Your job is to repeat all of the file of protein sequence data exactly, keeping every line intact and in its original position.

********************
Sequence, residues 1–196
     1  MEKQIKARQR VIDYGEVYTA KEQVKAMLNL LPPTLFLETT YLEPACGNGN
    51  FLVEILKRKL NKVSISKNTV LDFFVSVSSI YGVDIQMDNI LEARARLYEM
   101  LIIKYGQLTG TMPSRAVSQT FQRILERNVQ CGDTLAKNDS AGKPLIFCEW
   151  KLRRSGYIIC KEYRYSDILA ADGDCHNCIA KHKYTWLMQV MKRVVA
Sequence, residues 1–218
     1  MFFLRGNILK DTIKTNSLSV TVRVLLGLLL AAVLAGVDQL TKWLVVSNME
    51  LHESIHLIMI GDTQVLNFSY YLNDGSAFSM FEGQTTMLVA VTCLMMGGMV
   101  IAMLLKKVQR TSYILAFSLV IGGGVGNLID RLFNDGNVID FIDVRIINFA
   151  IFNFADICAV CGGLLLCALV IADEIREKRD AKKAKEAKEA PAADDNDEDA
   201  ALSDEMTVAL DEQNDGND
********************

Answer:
Sequence, residues 1–196
     1  MEKQIKARQR VIDYGEVYTA KEQVKAMLNL LPPTLFLETT YLEPACGNGN
    51  FLVEILKRKL NKVSISKNTV LDFFVSVSSI YGVDIQMDNI LEARARLYEM
   101  LIIKYGQLTG TMPSRAVSQT FQRILERNVQ CGDTLAKNDS AGKPLIFCEW
   151  KLRRSGYIIC KEYRYSDILA ADGDCHNCIA KHKYTWLMQV MKRVVA
Sequence, residues 1–218
     1  MFFLRGNILK DTIKTNSLSV TVRVLLGLLL AAVLAGVDQL TKWLVVSNME
    51  LHESIHLIMI GDTQVLNFSY YLNDGSAFSM FEGQTTMLVA VTCLMMGGMV
   101  IAMLLKKVQR TSYILAFSLV IGGGVGNLID RLFNDGNVID FIDVRIINFA
   151  IFNFADICAV CGGLLLCALV IADEIREKRD AKKAKEAKEA PAADDNDEDA
   201  ALSDEMTVAL DEQNDGND